Security and Safety

To Drive or Not to Drive

By James Mayfield 4.17.15

Knowing when not to drive could be just as critical as knowing how to drive. According to Injury Facts 2014, 30.8 percent of automobile fatalities were caused by alcohol consumption and 26 percent by distracted driving during that year.

Beyond this dangerous pair, there are other reasons and times you should consider not getting behind the wheel of a car.

  • Drowsy Driving: The National Highway Traffic Safety Administration attributes 83,000 vehicle crashes a year to drivers who are drowsy. “Sleep deprivation can be as bad as alcohol consumption in how it affects our reflexes and critical thinking ability,” says Steve Hartgrove, Harris County Texas Farm Bureau Insurance agency manager. “Getting enough sleep could save your life and the lives of others.”
  • Medications: Driving under the influence of prescription drugs and other medications can impair driving just as much as alcohol or illegal drugs can. “Some medications and supplements may cause a variety of reactions that may make it more difficult for you to drive a car safely,” Hartgrove says. “These reactions may include blurred vision, dizziness, slowed movement, fainting, inability to focus or pay attention, and nausea.”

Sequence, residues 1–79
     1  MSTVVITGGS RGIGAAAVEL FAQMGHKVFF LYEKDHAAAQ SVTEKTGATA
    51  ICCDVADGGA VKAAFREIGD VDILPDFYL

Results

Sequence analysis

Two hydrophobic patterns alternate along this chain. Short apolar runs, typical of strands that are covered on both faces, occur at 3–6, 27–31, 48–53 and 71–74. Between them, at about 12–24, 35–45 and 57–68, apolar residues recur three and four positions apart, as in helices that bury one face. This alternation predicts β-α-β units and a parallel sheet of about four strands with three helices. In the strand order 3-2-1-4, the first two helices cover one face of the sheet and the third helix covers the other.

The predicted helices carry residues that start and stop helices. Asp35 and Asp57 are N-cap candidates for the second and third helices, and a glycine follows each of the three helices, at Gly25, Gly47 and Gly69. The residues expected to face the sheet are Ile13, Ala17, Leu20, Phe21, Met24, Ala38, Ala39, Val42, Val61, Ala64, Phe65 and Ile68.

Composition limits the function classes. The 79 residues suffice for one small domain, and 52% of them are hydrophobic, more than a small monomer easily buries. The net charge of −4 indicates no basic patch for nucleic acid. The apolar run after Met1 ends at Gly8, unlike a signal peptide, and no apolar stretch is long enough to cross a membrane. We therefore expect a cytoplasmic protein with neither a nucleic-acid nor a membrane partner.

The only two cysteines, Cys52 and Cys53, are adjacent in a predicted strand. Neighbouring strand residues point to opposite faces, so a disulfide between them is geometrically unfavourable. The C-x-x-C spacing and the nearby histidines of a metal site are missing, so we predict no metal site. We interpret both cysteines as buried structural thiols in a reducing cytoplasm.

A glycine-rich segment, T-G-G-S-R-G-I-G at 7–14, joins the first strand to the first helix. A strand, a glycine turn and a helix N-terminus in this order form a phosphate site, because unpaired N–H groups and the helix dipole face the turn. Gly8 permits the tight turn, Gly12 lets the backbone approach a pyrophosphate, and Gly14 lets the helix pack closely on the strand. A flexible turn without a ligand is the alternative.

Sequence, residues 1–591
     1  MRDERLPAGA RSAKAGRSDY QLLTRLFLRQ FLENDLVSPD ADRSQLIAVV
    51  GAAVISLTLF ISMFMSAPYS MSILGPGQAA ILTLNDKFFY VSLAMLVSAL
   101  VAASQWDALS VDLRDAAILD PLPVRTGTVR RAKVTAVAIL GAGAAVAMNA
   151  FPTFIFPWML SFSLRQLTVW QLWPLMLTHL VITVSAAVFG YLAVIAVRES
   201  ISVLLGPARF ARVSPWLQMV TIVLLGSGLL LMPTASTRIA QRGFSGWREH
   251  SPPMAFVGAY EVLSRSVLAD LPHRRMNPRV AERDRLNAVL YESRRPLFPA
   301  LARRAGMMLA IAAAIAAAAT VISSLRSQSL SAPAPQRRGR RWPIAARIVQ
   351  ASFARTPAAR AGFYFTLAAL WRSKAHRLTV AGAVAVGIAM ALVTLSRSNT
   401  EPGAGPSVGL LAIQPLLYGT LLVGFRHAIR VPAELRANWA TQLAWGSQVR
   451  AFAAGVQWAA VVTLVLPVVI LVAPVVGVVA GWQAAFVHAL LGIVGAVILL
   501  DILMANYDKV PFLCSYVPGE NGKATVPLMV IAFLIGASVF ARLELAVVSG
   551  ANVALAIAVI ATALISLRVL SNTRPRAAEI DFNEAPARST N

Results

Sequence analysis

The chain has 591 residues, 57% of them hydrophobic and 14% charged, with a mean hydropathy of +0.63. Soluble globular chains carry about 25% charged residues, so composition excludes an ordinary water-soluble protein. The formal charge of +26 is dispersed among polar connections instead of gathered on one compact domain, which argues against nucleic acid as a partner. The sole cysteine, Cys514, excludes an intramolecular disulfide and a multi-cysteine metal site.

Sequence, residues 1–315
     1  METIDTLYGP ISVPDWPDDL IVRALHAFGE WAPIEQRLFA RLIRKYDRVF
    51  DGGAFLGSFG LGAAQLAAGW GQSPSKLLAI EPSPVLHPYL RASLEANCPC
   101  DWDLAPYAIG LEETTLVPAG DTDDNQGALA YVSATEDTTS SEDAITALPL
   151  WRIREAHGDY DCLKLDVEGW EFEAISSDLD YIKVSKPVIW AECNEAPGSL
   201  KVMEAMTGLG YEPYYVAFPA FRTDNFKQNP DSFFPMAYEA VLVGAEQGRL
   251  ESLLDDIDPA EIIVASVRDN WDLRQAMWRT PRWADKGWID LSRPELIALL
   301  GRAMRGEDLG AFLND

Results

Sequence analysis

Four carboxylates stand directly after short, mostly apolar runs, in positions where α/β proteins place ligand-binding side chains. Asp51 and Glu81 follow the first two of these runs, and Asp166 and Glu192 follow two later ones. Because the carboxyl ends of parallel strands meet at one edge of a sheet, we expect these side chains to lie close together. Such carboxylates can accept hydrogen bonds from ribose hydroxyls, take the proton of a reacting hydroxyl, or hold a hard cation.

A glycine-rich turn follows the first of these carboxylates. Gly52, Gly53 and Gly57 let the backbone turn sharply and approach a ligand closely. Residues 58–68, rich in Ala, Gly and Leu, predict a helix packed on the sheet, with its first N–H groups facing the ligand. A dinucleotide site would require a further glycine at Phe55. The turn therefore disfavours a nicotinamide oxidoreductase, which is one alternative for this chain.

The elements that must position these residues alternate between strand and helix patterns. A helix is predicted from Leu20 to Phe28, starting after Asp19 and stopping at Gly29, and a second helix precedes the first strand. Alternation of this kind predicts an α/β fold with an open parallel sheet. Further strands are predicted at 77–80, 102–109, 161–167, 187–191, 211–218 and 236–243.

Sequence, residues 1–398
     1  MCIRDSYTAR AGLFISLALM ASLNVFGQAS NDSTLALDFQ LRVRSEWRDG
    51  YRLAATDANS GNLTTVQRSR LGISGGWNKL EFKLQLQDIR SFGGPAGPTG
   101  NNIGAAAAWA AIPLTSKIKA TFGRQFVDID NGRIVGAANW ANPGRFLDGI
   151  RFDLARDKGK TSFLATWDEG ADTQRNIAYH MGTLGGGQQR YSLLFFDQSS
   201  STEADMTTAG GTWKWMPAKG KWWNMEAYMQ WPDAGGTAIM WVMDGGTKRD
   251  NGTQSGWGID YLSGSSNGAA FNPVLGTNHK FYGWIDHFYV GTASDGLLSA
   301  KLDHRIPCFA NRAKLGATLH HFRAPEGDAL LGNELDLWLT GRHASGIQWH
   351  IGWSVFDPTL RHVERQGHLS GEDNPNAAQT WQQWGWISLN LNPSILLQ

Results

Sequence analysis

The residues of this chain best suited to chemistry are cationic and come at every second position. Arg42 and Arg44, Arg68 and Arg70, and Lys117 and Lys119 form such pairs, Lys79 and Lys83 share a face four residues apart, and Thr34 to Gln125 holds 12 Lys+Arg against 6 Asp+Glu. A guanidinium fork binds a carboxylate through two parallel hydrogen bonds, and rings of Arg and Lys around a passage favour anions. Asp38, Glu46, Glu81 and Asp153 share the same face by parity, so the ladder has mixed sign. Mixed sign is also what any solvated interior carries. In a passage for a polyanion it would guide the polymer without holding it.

• Bad News: We all have tough days and have received bad (or very bad) news on occasion. If you’ve just been laid off from a job or get word of a loved one’s passing for example, your focus on the road is probably not what it needs to be. If at all possible, it’s best to keep from driving anywhere upon hearing the news.
  • Argument: Disagreements between people happen, but if you let yourself get behind the wheel when you’re angry, you could wind up speeding, driving erratically, or making bad decisions. Best to leave your car in park until you have time to cool off or resolve the issue that got you worked up in the first place.

Coverage and discounts are subject to qualifications and policy terms and may vary by situation. © 2015 Texas Farm Bureau Insurance